Kriss Akabusi helps MBA Polymers’ youngest recruits reach for the stars

Our youngest staff members

MBA Polymers’ youngest employees recently explored their hopes and dreams for the future with none other than sporting legend Kriss Akabusi. The former Olympic athlete, who now specialises in youth training and motivational speaking, held a lively training workshop at MBA’s Worksop plant, helping the company’s young recruits to paint a vision of their goals and challenges, and take their first steps towards building a fulfilling career.

“Youth training is vital to our business,” says Nigel Hunton, MBA’s CEO. “It’s important that everyone understands MBA’s culture as we continue to grow, and that people know how to stay safe and give of their best in the workplace. This means helping young people to develop valuable skills and knowledge for work and life.”

“Kriss Akabusi has some great experience in helping underprivileged young people to enter and thrive in the workplace, and we were delighted to welcome him to our plant to help our young employees recognise how work can improve their lives.”

With nearly 20% of MBA’s 145 Worksop employees aged 18-24, Kriss had a full class for his first training session. Conscious of the work challenges facing today’s young people, and particularly in communities with high unemployment rates, he was determined to help make a difference.

“When young people from deprived areas get jobs, they become a role model in their community, so it’s really important that they understand the value of work and the investment their employer is making in them,” Akabusi explains.

“The transition to the workplace is much harder than it was 20 years ago,” he continues. “In our knowledge-based economy, people need more qualifications to compete and more people are attending university. If you don’t have high level academic qualifications, it’s not obvious how to create opportunities for yourself.”

Working on the wall of dreams and wall of complexity

Moving swiftly from words to action, Kriss first helped the class to understand that everyone sees the world differently – in work, at school and in life. In helping them to engage with their future and their career, he encouraged them to consider what work is, their skills and gifts, and the unspoken contract of companies investing in their employees and employees delivering their best.

“We don’t tend to have jobs for life these days – we have a ‘portfolio’ career, moving every few years, so it’s important that employees develop useful skills and knowledge for the future while performing in their current role,” he says.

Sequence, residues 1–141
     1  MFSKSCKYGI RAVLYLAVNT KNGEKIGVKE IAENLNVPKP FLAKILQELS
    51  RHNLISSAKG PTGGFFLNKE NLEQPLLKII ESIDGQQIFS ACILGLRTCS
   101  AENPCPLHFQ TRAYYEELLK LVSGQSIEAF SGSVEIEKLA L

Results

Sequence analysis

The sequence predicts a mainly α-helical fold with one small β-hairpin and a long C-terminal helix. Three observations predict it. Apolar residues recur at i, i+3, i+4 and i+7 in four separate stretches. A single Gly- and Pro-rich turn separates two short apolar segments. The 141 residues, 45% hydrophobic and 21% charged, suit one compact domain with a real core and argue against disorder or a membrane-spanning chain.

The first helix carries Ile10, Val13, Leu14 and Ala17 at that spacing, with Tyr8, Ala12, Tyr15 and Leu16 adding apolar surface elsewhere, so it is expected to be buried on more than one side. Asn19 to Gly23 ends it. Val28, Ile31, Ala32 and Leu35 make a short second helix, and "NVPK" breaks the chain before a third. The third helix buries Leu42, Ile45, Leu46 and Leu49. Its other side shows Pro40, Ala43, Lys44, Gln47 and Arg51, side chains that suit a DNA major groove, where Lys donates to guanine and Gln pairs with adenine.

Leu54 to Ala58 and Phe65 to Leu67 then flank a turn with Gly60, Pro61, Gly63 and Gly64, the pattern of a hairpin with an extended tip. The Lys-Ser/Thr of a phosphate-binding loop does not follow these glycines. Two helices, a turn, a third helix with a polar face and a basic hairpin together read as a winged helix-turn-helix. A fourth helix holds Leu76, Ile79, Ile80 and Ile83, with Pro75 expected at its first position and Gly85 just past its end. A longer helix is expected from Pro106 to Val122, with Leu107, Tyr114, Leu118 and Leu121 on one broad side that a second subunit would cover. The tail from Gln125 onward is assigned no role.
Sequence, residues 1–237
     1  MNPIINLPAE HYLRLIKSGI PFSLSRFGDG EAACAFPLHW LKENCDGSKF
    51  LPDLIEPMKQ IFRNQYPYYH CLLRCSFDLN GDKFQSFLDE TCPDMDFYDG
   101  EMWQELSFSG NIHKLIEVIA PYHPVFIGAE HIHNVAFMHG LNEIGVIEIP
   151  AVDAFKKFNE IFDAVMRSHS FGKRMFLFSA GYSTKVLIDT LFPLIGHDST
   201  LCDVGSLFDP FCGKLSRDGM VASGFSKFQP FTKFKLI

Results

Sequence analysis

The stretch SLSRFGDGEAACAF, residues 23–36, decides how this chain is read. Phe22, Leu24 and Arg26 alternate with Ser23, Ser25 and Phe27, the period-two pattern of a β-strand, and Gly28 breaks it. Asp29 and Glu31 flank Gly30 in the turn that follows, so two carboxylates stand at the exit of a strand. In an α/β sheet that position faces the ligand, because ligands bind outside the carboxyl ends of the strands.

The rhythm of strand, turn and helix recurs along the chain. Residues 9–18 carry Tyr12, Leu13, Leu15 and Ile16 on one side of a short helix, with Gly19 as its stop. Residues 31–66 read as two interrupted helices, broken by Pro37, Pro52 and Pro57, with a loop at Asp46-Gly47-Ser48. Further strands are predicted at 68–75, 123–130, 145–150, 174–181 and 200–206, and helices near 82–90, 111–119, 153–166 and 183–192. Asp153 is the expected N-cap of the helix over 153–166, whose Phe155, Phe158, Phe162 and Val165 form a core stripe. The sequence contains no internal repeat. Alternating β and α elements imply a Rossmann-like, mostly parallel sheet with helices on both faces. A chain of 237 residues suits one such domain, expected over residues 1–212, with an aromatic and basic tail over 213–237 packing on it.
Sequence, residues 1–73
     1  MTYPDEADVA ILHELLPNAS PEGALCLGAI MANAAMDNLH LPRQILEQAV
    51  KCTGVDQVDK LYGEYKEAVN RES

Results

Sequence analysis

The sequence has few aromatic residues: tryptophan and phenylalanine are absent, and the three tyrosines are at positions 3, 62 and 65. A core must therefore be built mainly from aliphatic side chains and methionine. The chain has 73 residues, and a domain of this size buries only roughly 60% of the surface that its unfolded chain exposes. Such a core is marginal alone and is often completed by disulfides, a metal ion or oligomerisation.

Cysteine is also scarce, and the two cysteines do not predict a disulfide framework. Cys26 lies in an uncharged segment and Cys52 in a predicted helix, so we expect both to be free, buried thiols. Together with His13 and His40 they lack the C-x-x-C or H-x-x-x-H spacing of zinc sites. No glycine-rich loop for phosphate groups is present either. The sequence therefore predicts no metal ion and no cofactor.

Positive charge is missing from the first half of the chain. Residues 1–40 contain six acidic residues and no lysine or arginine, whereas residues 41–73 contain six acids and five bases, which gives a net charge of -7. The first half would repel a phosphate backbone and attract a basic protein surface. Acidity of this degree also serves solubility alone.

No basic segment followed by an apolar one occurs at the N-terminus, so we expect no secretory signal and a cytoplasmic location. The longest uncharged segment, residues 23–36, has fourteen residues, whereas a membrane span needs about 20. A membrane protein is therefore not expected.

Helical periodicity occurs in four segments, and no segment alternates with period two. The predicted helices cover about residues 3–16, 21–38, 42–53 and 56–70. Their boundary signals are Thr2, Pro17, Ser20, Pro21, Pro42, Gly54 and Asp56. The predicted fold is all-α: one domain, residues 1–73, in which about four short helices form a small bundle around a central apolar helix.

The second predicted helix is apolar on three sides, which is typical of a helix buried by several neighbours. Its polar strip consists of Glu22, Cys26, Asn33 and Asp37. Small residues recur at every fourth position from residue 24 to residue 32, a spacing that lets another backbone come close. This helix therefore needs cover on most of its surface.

Kriss stirred the team’s imaginations by asking them to share where they would be in five years, if there were no barriers to success. Together, they created a ‘wall of dreams’, using magazine cuttings, images and charts to show how their lives would take shape. Next, they created the ‘wall of complexity’, with the team exploring the barriers they thought could prevent them from achieving their dreams.

“We had some great responses, and it was surprising to see how level-headed these young people were,” Kriss explains. “The majority simply wanted security and a place to belong. And they had a realistic attitude about the obstacles they face.

“Building a clear picture of what we want and what’s holding us back is the first step towards understanding what drives us, and identifying what we can and can’t control.”

Explaining the choices

The next step is working with managers to help build trust, Kriss explains, and understanding that transgressions carry a clear penalty. Equally, managers need to communicate clearly on what’s right and wrong, hold the mirror up, and work collaboratively with their young recruits.

Kriss invited plant manager Richard Chambers and HR Manager Sue Thomson to talk to the team. Richard spoke about the importance of investing in new recruits and respecting health and safety rules on site, highlighting that everyone is there to support their young colleagues. Meanwhile, Sue explained that MBA’s HR team is there to help them every step of the way, through the good days and bad days.

“The training with Kriss helped our young people to understand how to make the move from school to work, why discipline is necessary in the workplace, and really think about what they want from their careers,” says Sue.

“It was great for everyone to engage in an open and frank discussion about their ambitions, different personality types and management styles,” adds Richard. “We want to show the young people in the company that there’s more to life than clocking in and clocking out – that work is a pathway to achieving dreams and ambitions.”

Feedback from the young participants has been positive, with employees agreeing that the training was worthwhile and particularly beneficial for new starters.

“It got people out of their comfort zone, made them feel part of them team, and will also help motivate them, as it shows the company is behind its young employees and wants them to progress here for the long term,” says MBA employee Guy Hughes.

Thinking about goals and obstacles was very helpful, believes Guy’s colleague Jamie Todd. “I’ll be more motivated to overcome any challenges I may face in the future that could stop me reaching my goals,” he says, adding that the company’s efforts to invest in its young employees made them all feel valued.

Looking ahead, MBA’s Polymers will be helping its young employees to develop a roadmap to achieve their ambitions, with more experienced employees sharing stories of their own career paths.

Youth training is part of a wider programme of activities to support young people at MBA, including graduate placements and a new apprenticeship scheme, set to be launched later this year.